Mr Itodo is the convener of the #NotTooYoungToRun movement that spearheaded the successful advocacy for the reduction of the age limits for running for public offices in the Nigerian constitution.
He was instrumental for the #NotTooYoungToRun Bill passed by the National Assembly and signed into law by President Muhammadu Buhari on May 31, 2018.
The passage of the law altered Sections 65, 106, 131, 177 of the constitution to reduce the age qualification for president from 40 to 30; governor from 35 to 30; senator from 35 to 30; House of Representatives membership from 30 to 25 and State House of Assembly membership from 30 to 25.
Drawing parallel between United States and Nigeria, Mr Itodo said Martin Luther King Jr’s activism in 1963 paved the way for democracy to prevail in the United States, just as the #ENDSARS protest by Nigerian youths in 2020 saw democracy prevail in Nigeria.
Apart from transforming the entire public discourse around police accountability and brutality in Nigeria in a very innovative and creative manner, the winner of the prestigious “The Future Africa Award Young Person of the Year 2018 award”, said the #ENDSARS protest also inspired hope for a greater future for Nigeria.
“Yes, Nigerian youths marched across the country to demand the end to impunity and accountability in the governance of our country. A lot of young people lost their lives. The government’s response has been a subject of controversy. But police brutality has not gone. It is still with us. The lingering concern now is: How do we make the success story of #ENDSARS protest count for something great for the country?” he asked.
Referring to the #ENDSARS protesters as the “Soro Soke generation” (The Speak-out generation), Mr Itodo said if the Nigerian youths are to make their achievement to count for something great, they would need more than to speak out.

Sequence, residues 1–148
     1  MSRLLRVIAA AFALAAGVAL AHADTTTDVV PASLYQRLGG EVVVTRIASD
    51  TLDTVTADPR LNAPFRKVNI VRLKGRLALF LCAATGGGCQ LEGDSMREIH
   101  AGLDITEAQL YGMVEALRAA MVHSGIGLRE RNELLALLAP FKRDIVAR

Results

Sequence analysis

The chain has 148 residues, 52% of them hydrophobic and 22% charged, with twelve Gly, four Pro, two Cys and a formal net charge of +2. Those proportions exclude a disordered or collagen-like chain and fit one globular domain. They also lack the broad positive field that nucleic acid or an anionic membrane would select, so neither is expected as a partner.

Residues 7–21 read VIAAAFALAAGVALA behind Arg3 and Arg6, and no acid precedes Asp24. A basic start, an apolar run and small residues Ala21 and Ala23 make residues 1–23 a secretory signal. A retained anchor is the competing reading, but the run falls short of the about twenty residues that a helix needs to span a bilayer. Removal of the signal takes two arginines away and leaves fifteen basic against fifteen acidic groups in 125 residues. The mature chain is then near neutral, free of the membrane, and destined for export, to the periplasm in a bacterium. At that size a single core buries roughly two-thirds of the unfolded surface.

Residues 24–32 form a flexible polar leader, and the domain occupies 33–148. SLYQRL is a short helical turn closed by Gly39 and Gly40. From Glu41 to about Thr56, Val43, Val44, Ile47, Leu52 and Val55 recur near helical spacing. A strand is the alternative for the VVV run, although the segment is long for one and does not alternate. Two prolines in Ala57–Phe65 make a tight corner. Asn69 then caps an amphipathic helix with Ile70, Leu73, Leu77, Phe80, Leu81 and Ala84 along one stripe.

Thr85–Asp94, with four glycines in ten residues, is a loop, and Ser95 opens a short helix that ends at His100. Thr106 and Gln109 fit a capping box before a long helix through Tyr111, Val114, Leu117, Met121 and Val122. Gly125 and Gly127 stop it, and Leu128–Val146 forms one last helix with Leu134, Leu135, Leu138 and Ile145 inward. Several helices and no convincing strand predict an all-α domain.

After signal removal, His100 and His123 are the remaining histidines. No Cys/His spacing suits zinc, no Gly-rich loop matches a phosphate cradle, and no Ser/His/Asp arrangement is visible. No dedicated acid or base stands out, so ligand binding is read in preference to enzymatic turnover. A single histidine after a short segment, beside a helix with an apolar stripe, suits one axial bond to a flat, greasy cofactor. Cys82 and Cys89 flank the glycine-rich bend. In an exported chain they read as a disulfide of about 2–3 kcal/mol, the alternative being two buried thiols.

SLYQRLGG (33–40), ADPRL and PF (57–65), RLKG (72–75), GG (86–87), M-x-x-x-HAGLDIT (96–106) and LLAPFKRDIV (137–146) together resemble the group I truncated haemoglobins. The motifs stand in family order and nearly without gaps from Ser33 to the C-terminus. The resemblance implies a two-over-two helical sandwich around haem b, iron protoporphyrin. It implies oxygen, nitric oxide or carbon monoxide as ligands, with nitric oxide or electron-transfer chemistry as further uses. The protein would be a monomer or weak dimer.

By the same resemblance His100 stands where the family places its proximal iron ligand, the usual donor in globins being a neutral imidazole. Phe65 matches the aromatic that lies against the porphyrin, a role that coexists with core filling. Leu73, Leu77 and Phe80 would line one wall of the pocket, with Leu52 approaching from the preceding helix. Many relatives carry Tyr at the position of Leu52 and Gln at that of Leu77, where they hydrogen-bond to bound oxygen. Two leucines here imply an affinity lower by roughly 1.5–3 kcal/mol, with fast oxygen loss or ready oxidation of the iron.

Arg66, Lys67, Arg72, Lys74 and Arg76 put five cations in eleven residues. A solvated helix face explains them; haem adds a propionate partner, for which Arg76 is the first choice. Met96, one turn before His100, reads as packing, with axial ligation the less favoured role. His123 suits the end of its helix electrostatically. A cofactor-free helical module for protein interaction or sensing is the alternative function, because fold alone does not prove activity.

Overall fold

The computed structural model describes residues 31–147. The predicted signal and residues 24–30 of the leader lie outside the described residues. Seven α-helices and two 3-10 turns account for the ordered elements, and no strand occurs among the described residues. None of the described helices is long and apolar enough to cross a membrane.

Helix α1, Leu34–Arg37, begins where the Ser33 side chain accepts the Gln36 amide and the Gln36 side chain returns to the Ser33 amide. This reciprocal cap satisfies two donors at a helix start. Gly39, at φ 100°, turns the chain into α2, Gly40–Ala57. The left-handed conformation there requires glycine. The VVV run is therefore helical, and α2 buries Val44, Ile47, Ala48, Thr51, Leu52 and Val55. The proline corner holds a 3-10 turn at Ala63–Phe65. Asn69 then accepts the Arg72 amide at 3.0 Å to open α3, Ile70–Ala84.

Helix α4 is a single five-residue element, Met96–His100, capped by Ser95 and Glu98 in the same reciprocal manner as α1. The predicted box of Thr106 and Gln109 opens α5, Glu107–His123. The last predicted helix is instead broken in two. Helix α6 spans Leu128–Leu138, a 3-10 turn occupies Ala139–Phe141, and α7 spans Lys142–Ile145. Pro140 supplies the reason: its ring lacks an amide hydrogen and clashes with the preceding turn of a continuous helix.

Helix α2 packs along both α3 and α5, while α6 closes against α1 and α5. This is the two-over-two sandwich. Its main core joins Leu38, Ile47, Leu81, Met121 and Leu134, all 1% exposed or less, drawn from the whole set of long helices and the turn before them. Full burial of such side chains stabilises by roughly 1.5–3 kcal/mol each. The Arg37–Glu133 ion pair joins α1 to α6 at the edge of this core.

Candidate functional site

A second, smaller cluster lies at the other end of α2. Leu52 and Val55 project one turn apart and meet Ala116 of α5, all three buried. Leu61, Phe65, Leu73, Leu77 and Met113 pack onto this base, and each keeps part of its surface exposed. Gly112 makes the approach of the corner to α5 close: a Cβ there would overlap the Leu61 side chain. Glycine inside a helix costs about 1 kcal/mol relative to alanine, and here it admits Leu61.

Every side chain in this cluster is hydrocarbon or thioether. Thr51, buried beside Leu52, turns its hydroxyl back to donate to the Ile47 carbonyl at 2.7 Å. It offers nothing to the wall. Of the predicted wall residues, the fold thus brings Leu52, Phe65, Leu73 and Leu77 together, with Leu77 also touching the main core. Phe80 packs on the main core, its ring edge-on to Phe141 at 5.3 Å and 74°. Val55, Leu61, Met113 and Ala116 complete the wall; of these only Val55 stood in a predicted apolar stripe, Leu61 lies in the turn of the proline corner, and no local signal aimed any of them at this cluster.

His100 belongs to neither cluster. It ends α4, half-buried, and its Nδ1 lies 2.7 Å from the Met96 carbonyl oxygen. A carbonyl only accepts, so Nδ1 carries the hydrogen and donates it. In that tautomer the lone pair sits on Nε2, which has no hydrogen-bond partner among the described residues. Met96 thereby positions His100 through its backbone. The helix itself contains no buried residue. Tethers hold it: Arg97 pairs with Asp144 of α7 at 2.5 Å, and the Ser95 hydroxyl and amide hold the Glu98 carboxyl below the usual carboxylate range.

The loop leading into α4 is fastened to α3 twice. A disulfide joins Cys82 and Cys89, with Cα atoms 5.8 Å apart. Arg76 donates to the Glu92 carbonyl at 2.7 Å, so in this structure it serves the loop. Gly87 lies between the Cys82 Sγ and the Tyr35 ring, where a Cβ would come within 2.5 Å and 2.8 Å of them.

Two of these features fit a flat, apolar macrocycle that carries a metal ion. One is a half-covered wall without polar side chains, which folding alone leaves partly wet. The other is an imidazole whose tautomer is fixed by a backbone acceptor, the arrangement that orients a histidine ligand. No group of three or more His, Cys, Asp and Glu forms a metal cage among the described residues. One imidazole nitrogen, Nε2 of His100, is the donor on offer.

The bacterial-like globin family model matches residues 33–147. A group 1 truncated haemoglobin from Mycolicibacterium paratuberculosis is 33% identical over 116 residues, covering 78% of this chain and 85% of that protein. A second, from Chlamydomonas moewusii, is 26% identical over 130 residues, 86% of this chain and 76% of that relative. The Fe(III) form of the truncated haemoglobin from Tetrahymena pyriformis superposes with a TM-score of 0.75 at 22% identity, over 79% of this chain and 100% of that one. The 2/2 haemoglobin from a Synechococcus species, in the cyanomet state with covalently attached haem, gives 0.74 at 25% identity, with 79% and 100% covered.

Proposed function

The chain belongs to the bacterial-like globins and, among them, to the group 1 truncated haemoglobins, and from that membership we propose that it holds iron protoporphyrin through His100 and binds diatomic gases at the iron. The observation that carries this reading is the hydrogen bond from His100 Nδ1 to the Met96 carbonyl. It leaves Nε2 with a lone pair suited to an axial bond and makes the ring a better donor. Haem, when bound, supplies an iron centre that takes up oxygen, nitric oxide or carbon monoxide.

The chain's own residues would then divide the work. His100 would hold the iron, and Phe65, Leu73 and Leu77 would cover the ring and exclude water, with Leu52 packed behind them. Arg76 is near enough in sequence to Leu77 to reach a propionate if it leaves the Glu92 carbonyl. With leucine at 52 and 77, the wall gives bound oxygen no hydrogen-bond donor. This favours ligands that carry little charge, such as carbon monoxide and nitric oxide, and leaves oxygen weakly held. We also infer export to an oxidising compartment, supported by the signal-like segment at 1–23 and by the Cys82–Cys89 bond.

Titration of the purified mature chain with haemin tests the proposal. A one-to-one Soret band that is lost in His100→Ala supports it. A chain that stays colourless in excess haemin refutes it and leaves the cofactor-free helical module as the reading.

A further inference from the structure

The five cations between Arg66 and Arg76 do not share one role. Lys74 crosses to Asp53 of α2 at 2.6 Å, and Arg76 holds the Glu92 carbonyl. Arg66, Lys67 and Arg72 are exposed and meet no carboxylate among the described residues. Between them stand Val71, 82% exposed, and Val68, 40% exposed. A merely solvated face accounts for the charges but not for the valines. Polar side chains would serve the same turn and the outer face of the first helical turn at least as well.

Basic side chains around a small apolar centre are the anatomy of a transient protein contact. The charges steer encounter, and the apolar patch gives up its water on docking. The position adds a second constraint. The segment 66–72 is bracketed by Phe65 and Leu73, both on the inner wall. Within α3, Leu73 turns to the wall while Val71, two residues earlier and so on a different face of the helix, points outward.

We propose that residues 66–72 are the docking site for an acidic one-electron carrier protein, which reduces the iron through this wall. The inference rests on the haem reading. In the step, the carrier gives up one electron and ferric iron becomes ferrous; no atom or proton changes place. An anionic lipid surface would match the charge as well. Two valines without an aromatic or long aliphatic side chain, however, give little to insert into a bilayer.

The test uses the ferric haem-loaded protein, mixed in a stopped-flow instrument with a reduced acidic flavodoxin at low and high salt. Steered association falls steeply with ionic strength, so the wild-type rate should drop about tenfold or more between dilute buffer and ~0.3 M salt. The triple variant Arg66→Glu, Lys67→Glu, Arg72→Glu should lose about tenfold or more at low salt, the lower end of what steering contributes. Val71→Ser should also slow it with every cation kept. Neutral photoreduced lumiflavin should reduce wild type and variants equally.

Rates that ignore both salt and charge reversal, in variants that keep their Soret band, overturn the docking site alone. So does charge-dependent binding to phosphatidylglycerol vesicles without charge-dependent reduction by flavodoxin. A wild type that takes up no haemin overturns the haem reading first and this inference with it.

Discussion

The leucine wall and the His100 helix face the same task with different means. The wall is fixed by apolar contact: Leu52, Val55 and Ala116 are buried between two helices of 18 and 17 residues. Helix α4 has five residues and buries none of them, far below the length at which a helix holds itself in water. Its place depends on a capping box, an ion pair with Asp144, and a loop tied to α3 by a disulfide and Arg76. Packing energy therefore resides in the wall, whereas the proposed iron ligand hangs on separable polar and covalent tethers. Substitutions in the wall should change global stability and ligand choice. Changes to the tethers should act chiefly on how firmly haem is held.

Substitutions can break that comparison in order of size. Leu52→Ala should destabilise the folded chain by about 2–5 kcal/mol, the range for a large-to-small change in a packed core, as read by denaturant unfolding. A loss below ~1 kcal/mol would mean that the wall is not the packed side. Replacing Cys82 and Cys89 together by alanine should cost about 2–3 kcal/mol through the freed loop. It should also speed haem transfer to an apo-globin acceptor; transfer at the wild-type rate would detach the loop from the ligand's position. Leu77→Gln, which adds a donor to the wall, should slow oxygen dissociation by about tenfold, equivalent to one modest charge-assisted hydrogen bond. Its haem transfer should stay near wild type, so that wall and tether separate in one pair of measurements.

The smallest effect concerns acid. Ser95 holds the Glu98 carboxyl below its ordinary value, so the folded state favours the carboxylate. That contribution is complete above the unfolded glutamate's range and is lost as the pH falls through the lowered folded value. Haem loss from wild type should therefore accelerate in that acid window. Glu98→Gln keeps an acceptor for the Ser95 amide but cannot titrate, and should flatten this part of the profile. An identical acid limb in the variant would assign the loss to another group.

He said they must acquire the power and capacity to mobilize young Nigerians to convert the gains of the protest into a formidable political power for the country in future.
“Ability to speak out alone is not enough. It’s got to be backed up with powerful action if they are going to make the protest count for something. Democracy itself is not an end in itself, but a process, a journey and a means to an end. In the journey, there will always be hiccups and casualties. But what determines who we are and the progress we make and the markers of success is how we translate the speaking out into concrete actions for change.
“We will like to see a situation where young people are organized and get on the voters register in the next election. They must not get on the voters register alone. They must turn out to actually vote during elections and make their votes to count. That is the only way we are going to make the gains of the #ENDSARS protest to count for something,” he said.
He said the youths can leverage on the statistics by the Independent National Electoral Commission (INEC) that today about 51.1 percent of young people are on the voters’ register.
Looking at the turnout during the 2019 elections, Mr Itodo said young Nigerians recorded only 35 percent turnout on election day, saying Nigerian youths would never make the gains of the #ENDSARS protest count if they stay away from voting during elections.
“The number of young people on the voters’ register will remain statistics for analysis if the youths don’t make the number to count for something during elections,” he said.
Again, Mr Itodo, who was named among the “100 Most Influential Young Africans by the African Youth Awards in 2017”, said the success of the #ENDSARS protest was only an indication that it’s time for Nigerian youths to negotiate for their future today